My friend Amy blogged about missing her hometown this time of year. Got me thinking about what I missed about my hometown, which segued into thinking about what I missed about all the cities I've lived in.
Geneva, New York is my hometown. I miss the historic row houses on Main Street. I miss the ethnic diversity, like the Italian men lingering outside the bocce court downtown. I miss watching the ever-changing colors of Seneca Lake. I miss the lonely farmhouses with their widow's watches on Route 14. I miss the never-changing neighborhoods and the lack of new houses and subdivisions. Sidewalks and big old houses. Beans and greens at Uncle Joe's Pizza place. Authentic Italian food. Cold nights and cool days. Working on the orchard. My parents.
Johnson City, Tennessee--where I went to college and married. I miss a lot about JC. Buffalo Mountain right there. Being nestled in the mountains. Poor Richard's Deli. My best friend. The small world of Milligan College.
Oxford, Ohio--where we lived for 3 years while Randy did his master's at Miami University and where Jesse was born. Hmmm. I can't say I miss much about Oxford, except being able to walk everywhere. And being close to Cincinnati. I'll have to skip the missing on this one!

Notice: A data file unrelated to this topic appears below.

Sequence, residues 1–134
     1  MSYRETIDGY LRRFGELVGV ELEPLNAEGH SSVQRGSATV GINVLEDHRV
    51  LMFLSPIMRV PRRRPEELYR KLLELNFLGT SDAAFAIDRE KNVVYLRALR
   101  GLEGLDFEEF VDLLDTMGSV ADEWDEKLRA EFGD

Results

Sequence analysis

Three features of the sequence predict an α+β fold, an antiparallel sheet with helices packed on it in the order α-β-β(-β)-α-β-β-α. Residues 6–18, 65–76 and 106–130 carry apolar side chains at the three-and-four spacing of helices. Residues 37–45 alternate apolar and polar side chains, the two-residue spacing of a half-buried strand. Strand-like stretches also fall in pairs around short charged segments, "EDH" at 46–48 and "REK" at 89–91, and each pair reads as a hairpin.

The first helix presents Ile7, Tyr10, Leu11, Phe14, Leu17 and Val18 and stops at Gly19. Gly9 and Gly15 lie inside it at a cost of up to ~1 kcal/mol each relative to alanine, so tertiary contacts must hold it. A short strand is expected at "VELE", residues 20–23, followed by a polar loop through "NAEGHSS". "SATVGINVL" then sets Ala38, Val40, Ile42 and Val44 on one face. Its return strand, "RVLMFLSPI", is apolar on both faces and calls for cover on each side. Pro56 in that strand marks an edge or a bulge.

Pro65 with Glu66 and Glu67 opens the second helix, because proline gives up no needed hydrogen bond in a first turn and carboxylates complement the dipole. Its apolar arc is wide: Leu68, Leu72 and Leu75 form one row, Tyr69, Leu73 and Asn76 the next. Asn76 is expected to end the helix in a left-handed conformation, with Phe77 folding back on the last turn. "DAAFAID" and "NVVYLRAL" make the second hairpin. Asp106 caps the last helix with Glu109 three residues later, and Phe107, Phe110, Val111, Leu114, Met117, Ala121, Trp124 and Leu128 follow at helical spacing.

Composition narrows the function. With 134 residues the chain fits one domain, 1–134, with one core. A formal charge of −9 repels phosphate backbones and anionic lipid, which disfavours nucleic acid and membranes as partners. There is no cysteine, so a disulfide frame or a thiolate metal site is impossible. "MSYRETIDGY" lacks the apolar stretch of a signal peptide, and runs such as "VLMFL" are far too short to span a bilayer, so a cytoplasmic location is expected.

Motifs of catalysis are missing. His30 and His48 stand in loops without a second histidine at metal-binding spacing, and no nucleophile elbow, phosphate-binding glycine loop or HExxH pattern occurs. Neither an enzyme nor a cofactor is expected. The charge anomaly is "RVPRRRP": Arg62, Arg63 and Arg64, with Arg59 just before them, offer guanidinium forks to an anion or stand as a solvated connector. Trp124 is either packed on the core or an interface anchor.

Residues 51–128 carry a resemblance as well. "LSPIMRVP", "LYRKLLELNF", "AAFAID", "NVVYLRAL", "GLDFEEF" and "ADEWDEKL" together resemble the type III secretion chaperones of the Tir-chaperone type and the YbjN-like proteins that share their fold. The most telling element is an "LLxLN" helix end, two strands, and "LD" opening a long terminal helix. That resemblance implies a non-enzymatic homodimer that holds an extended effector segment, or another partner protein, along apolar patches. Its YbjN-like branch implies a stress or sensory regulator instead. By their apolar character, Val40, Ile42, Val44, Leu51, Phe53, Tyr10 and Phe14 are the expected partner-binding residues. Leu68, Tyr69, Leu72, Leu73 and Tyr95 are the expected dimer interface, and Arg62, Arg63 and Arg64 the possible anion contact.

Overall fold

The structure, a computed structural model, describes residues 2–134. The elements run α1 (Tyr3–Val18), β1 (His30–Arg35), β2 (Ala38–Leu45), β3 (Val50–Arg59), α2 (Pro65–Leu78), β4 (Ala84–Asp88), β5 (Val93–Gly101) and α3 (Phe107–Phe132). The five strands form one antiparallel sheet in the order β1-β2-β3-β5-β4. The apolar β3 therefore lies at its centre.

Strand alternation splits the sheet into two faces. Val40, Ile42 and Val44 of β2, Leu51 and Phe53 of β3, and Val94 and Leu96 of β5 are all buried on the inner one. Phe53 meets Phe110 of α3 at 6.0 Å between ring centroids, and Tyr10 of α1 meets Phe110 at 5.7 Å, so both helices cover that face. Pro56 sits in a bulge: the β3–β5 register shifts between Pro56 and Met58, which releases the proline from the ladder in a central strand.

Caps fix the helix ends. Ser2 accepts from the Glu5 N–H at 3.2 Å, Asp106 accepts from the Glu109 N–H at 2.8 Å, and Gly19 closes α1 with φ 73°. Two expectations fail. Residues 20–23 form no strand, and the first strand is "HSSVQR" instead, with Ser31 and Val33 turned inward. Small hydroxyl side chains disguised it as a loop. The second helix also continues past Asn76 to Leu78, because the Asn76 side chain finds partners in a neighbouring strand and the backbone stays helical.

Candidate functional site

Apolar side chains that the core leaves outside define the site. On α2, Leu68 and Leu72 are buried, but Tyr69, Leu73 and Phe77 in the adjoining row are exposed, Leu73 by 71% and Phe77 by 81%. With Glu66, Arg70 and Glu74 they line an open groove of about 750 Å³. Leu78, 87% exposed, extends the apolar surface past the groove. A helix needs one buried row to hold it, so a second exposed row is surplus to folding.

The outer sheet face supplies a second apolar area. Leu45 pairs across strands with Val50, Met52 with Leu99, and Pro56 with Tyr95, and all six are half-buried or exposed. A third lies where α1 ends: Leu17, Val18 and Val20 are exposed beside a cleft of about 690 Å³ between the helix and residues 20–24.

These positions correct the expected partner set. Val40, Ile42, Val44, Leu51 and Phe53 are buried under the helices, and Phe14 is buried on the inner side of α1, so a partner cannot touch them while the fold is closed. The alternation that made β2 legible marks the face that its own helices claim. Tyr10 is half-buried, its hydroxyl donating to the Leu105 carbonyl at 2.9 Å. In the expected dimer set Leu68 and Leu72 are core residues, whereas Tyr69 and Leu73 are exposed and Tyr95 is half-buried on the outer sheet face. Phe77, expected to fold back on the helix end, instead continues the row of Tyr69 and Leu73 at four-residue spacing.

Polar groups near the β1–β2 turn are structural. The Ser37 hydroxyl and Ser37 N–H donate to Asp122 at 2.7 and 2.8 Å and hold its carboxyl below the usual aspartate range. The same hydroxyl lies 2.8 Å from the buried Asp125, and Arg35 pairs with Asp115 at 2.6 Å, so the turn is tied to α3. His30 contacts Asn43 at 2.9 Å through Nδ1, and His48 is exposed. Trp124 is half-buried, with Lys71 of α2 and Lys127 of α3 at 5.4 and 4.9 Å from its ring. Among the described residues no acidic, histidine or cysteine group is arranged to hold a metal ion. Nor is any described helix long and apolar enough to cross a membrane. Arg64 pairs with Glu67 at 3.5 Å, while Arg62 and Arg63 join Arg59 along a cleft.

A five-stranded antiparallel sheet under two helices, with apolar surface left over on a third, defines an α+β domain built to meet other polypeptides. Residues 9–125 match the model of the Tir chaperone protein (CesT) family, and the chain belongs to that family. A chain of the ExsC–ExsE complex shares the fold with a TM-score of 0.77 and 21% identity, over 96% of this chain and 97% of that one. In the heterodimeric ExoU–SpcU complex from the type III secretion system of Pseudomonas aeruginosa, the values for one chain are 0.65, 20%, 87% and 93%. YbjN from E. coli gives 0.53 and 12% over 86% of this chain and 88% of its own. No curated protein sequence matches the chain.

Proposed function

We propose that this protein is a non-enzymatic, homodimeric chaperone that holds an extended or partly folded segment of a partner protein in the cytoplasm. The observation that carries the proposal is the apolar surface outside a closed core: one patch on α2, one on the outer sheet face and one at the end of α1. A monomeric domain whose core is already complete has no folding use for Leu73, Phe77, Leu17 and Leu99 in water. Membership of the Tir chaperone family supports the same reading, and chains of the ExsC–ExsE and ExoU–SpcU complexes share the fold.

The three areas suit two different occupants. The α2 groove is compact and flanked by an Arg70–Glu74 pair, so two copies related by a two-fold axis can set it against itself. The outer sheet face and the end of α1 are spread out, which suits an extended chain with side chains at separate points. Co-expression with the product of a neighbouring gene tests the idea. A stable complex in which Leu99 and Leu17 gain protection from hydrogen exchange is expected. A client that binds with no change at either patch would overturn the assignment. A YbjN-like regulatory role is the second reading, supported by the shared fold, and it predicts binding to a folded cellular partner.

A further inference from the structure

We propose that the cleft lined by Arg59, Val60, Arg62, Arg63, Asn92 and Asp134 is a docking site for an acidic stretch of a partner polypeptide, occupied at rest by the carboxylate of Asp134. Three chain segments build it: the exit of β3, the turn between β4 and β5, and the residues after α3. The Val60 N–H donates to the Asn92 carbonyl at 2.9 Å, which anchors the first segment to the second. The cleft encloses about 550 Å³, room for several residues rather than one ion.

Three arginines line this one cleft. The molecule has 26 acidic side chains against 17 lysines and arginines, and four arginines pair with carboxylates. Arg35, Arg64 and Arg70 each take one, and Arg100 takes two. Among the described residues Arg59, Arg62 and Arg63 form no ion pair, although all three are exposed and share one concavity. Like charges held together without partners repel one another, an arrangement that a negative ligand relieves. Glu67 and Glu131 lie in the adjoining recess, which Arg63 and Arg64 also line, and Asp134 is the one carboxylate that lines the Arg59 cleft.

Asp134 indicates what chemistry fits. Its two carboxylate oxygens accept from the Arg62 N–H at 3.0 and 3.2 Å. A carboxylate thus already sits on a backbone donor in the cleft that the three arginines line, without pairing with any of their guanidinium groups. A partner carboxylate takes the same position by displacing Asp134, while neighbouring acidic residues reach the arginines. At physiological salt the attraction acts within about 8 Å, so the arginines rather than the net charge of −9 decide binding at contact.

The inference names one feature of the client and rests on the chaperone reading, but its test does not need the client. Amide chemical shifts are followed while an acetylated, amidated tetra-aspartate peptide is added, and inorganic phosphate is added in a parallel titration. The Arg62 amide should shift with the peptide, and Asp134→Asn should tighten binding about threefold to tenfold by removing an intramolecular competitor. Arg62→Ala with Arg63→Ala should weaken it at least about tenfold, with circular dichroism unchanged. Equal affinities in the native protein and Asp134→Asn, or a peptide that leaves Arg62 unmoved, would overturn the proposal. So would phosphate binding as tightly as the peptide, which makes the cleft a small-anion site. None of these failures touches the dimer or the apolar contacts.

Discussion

Ames, Iowa--where we lived for 5 years while Randy and I were in graduate school and where Laurel was born. I miss the city itself. The parks and the sidewalks. I miss being able to walk downtown and to the library. And the abundant lilacs. The city was smothered in lilacs. And our friends.
But it's hard to miss any place when we are living our dream. I look out one window and see dogwoods lining our backyard and the flowerbeds a mass of green ready to explode into colors. I look out another window and see azaleas bursting like saucy debutantes. I look out another window and see the mountains, blue in the early afternoon, and violets sprinkled on our lawn. In Iowa and New York, winter is just leaving. Here the freckles are popping out already and we're breaking out the sleeveless shirts. If I could just find a lilac that thrives in the south, I'd be in paradise.